On October 11, Ambassador Cong Peiwu published a signed article titled "Cooperation is needed between Canada and China to protect our planet" on The Hill Times. Here is the full text:
Cooperation Is Needed Between Canada and China to Protect Our Planet
In the last few years, loss of biodiversity, worsening desertification and frequent extreme weather events have all posed a stark challenge to human progress, and even to human survival. This summer, a heat wave swept across much of Western Canada, leading to record-breaking temperatures in many places. A UN report published this year shows over one million plant and animal species are in danger of extinction. Without proper protection, those beautiful animals and plants may disappear from the pages of history, and children will only be able to see the specimens displayed in the museum. It's a painful vision that may become a reality.
In order to protect global biodiversity, COP15, or to give it its full name, the Fifteenth meeting of the Conference of the Parties to the Convention on Biological Diversity, will be held in Kunming, China, in two phases from Oct. 11 to Oct. 15 and in the first half of 2022, where international participants will be urged to make firm commitments and take real action to protect biodiversity. In 2010, the United Nations announced that 2011-2020 would be the UN Decade on Biodiversity. COP15 will be a chance to reflect on the work done to protect biodiversity over the last ten years, and to set new targets, looking toward a vision of biodiversity for 2050.
This COP conference comes at a critical juncture, and the international community has high expectations for it. This year's theme, "Ecological Civilization: Building a Shared Future for All Life on Earth," reflects the global shift towards green growth and the hope of billions of world citizens for a shared global biome. It also demonstrates the global significance of Xi Jinping Thought on Ecological Civilization. President Xi has pointed out that human and nature are a community of shared destiny. It falls to all of us to act together and urgently to advance protection and development in parallel, so that we can turn Earth into a beautiful homeland for all creatures to live in harmony.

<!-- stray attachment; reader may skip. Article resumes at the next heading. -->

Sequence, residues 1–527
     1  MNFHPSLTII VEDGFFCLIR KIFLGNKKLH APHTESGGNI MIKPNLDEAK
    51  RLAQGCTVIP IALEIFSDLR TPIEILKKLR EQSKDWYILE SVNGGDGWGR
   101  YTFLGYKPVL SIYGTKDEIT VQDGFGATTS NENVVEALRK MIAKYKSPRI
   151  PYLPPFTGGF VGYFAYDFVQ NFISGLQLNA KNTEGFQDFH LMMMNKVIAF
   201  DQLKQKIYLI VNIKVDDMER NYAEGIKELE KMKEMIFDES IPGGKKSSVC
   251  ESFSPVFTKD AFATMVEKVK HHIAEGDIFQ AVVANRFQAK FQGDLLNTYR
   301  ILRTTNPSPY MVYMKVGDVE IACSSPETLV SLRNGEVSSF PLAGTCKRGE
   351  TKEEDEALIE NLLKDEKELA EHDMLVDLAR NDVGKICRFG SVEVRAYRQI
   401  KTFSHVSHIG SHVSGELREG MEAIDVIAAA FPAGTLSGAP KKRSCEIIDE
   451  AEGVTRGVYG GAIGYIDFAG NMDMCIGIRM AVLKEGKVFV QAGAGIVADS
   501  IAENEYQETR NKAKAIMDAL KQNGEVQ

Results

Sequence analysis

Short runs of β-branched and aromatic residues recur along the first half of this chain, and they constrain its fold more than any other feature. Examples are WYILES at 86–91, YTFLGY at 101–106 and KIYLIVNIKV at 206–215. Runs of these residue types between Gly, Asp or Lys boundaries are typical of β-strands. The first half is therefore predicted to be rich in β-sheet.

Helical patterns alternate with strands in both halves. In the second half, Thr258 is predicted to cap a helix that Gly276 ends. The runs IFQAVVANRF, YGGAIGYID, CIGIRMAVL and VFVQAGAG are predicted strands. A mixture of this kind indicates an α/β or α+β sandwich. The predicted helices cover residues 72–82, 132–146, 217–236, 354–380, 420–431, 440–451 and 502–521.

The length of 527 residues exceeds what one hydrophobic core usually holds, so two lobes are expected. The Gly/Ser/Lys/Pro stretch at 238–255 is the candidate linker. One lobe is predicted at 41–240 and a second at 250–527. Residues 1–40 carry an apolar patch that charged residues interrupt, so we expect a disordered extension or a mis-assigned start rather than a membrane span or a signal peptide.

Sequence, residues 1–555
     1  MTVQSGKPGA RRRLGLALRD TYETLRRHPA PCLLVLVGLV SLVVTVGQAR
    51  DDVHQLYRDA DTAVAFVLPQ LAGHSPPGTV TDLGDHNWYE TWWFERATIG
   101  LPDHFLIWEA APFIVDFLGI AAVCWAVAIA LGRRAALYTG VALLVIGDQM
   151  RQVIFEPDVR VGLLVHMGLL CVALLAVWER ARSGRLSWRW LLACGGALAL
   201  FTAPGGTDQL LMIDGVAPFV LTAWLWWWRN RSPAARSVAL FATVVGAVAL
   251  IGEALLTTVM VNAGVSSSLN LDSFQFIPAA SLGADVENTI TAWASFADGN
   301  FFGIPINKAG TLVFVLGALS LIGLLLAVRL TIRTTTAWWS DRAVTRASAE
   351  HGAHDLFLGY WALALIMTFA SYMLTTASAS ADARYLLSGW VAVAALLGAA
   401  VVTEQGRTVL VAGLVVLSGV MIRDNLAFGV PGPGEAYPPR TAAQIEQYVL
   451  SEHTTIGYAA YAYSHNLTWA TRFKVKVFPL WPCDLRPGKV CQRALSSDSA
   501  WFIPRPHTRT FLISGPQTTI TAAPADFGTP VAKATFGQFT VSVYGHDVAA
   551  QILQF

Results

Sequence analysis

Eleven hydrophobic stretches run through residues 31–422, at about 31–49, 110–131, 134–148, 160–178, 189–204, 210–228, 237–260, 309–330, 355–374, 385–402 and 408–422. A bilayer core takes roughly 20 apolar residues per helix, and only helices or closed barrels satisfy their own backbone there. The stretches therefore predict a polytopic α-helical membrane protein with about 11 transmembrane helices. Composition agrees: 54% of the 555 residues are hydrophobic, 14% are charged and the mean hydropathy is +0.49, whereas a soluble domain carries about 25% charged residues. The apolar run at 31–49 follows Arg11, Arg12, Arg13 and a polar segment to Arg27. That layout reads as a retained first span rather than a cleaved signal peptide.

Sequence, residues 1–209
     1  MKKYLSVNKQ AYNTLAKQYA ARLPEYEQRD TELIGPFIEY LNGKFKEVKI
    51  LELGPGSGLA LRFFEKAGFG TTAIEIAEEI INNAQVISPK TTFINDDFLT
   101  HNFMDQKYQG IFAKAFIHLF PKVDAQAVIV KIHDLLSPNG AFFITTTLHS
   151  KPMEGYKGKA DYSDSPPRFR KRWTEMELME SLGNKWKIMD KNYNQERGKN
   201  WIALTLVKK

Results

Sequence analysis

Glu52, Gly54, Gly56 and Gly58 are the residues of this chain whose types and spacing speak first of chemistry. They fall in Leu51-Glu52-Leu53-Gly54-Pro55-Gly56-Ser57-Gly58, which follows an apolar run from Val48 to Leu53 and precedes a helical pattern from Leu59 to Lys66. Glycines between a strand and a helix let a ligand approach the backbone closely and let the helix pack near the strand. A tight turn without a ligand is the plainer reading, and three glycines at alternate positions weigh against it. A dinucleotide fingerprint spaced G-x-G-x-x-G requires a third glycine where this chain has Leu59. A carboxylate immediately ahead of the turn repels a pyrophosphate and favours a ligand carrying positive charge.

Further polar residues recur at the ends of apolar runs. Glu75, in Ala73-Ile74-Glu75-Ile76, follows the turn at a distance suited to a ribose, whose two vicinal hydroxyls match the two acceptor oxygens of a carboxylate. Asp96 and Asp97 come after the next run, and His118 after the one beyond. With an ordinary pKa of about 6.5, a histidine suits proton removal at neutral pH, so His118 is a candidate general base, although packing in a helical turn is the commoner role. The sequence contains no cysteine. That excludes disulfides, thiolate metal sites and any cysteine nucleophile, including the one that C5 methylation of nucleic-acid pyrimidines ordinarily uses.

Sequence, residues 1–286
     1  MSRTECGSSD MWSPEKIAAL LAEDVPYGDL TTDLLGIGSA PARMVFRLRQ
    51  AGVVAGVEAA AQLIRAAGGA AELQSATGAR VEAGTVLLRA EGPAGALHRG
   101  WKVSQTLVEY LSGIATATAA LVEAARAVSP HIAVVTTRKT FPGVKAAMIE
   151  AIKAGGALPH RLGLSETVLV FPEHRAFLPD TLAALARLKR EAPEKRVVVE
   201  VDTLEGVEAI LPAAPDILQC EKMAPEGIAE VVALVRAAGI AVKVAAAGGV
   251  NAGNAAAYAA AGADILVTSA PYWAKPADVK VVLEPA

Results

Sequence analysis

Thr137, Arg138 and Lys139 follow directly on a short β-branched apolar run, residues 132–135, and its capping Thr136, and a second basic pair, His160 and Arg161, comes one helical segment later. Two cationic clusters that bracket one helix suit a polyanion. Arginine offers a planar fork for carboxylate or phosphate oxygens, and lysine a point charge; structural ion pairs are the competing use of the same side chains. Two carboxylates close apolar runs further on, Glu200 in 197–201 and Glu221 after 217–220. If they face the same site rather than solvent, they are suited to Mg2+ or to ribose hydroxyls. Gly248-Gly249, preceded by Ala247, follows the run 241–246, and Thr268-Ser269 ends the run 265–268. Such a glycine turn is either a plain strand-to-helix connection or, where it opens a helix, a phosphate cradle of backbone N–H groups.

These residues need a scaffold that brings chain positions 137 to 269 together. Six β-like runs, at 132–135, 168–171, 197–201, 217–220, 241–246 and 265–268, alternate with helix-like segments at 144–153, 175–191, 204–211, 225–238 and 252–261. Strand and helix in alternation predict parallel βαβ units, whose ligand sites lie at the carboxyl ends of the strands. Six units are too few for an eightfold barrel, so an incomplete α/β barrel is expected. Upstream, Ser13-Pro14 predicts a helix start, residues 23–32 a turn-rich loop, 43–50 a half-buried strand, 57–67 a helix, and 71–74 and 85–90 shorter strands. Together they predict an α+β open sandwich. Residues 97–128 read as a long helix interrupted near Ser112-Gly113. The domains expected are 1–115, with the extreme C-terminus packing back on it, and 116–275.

China is home to some of the greatest biodiversity on Earth, so we have a keen understanding of its importance. In the last 10 years, China has added more forests than any other nation on Earth. More than 90 per cent of terrestrial ecosystem types, together with 85 per cent of key wild animal populations, are now protected in China. Desertification used to claim 10,400 square kilometres of land per year; now that process has been reversed, and we are reclaiming 2,424 square kilometres per year. The Belt and Road Initiative and South-South cooperation are helping developing nations respond to challenges like the loss of biodiversity and climate change. By working together, we can protect global biodiversity.
China also collaborates with Canada on a long-term basis, in areas like environmental protection and climate change. Canada is rich in ecosystem resources, with about 24 per cent of the world's wetlands and nine per cent of the world's forest. There is enormous potential in a China-Canada partnership on biodiversity and more. China looks forward to working with all the nations of the world, including Canada, to inject new impetus into the protection of global biodiversity.
More and more countries around the world are realizing that our future is intertwined and interdependent. Humanity must remain committed to multilateralism and to working together if we are to achieve a shared victory and success for all. More and more people are changing their old perspectives and lifestyles, and using personal action to become a part of a green growth model, with low emissions, environmental protection, and harmony between humanity and nature. The UN Messenger of Peace Jane Goodall once said, "Only if we understand, can we care. Only if we care, we will help. Only if we help, we shall be saved." We hope that COP15 will be an opportunity for everyone to talk, deeply engage, and weave the fabric of world cooperation on ecological protection a little tighter. We hope that the governance of global biodiversity will stride forward to whole new levels.